- Touchpoint: See social ads on LinkedIn that identify your company as a solution to the customer’s pain points.
Goal/Customer Action: Click to learn more.
- Touchpoint: Go to site landing page and download content personalized according to their pain points.
Goal/Customer Action: Sign up for additional content and/or use chat to get answers.
- Touchpoint: Receive Push Notification Thank-You and begin three-piece nurture campaign on customer’s preferred channel.
Goal/Customer Action: Learn more about your solution and feel more familiar with your brand.
- Touchpoint: Receive SMS with invitation to a live or pre-recorded webinar.
Goal/Customer Action: Participate in webinar.
- Touchpoint: Receive personalized follow-up email from sales team member with invitation for a free demo.
Goal/Customer Action: Sign up for demo.
- Touchpoint: Receive direct mail thank-you note for doing the demo.
Goal/Customer Action: Customer feels recognized and appreciated.
- Touchpoint: Receive call from sales team member to close the deal.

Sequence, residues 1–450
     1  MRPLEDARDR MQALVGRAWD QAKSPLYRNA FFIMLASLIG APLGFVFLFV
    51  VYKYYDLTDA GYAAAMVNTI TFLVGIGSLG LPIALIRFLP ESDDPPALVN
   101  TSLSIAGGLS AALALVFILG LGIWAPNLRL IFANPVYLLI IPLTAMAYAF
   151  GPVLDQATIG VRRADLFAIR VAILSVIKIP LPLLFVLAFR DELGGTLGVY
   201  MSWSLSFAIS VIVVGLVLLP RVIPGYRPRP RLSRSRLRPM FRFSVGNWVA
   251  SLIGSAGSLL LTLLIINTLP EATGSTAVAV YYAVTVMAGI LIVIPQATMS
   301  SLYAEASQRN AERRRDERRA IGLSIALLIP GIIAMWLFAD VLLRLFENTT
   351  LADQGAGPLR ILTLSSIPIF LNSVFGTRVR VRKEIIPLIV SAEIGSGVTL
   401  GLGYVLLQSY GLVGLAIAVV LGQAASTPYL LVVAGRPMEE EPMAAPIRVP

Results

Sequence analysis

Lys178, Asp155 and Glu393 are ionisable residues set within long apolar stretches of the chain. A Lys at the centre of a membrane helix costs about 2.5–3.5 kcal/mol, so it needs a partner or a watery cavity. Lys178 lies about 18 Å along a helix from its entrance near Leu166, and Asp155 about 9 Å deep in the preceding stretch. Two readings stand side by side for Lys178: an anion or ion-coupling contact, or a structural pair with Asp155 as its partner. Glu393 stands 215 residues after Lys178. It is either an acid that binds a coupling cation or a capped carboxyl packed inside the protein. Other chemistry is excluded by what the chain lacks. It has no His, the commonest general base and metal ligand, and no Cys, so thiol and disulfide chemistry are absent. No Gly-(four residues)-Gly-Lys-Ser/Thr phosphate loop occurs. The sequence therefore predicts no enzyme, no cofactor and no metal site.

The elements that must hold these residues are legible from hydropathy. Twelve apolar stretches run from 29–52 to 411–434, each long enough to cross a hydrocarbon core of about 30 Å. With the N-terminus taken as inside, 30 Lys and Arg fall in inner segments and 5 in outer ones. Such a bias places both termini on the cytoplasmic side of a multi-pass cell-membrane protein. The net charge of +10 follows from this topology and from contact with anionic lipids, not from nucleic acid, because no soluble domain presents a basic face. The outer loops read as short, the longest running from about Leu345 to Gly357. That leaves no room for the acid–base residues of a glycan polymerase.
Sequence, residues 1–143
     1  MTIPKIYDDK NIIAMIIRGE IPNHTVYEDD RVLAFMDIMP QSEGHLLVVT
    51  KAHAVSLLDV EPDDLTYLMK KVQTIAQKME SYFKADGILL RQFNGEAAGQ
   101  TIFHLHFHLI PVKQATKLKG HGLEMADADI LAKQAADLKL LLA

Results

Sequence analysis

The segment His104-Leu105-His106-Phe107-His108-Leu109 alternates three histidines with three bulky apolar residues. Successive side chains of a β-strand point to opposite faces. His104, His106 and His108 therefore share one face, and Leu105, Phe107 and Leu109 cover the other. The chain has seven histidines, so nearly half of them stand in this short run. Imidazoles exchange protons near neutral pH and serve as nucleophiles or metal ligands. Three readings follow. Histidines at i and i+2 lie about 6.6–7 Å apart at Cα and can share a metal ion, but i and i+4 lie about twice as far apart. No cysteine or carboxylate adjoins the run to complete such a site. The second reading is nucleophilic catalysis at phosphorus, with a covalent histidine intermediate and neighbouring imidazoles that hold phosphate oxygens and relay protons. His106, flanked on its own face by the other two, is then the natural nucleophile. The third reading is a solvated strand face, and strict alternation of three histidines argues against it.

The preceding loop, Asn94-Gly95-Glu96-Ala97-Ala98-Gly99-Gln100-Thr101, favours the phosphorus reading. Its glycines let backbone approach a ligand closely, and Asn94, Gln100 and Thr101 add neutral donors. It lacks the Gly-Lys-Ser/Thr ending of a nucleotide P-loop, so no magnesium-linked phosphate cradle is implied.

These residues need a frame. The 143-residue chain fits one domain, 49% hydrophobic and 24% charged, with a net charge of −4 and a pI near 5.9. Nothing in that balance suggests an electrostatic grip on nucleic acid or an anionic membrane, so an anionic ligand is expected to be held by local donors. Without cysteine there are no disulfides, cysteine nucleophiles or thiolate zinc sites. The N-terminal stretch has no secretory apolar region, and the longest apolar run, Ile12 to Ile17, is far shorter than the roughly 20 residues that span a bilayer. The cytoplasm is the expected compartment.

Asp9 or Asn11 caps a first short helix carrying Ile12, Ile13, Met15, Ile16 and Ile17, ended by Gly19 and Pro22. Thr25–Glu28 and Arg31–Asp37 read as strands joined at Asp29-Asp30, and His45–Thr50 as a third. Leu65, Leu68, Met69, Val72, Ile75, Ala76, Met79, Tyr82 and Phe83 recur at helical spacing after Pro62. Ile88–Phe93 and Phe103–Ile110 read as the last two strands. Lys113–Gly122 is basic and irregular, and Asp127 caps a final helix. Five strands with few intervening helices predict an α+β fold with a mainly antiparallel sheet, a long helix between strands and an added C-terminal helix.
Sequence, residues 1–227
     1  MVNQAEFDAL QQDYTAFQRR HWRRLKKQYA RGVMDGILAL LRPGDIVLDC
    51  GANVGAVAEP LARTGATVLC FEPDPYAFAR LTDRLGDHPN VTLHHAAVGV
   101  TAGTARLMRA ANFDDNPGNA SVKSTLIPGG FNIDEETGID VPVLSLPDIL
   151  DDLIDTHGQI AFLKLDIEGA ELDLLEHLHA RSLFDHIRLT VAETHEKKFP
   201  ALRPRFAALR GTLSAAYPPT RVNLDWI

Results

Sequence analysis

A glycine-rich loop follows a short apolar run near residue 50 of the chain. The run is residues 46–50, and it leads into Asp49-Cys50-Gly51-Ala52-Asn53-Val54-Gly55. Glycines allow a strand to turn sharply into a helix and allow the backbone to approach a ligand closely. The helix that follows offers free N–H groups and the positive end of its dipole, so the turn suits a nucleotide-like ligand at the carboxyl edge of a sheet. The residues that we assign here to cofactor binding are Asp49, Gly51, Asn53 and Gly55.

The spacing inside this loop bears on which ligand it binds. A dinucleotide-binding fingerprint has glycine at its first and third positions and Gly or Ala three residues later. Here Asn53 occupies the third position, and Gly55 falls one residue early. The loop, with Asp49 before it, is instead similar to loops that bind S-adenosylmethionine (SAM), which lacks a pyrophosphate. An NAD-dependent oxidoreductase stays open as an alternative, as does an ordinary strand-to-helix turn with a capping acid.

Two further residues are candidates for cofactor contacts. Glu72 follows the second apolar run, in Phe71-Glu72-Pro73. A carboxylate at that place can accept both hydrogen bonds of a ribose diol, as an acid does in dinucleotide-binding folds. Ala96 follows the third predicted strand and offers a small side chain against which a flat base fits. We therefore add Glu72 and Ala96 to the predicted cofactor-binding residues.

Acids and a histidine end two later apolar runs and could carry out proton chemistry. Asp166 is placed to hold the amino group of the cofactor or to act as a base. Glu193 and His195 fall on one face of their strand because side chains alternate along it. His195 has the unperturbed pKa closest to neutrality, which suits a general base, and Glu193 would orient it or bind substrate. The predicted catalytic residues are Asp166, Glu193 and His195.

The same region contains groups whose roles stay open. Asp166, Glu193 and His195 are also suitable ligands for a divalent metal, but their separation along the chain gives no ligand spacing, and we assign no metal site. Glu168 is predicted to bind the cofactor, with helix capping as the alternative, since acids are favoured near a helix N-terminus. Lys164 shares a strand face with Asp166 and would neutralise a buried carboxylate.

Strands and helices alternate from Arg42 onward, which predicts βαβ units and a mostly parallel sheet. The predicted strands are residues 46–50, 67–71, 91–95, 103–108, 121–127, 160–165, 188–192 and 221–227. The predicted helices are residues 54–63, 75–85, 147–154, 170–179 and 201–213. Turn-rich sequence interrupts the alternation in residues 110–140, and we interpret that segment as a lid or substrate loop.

Goal/Customer Action: Purchase product or service.
Step 3: Create a Personalized Cross-Channel Journey for Your Customers
Now that you have identified the platforms, channels, customers, and touchpoint goals that are essential to your customer journey, you are ready to coordinate your first of countless compelling customer journeys. Before you become overwhelmed by the thought of juggling multiple channels and platforms without dropping the ball, take a deep breath and say, “Thank God for Journey Orchestration tools!” A customer journey platform simplifies the complexities of a personalized multi-channel customer experience by enabling you to automate the process of sending targeted communications across multiple channels and platforms in real-time. In addition to making personalized account-based marketing scalable, a good customer journey tool will enable you to: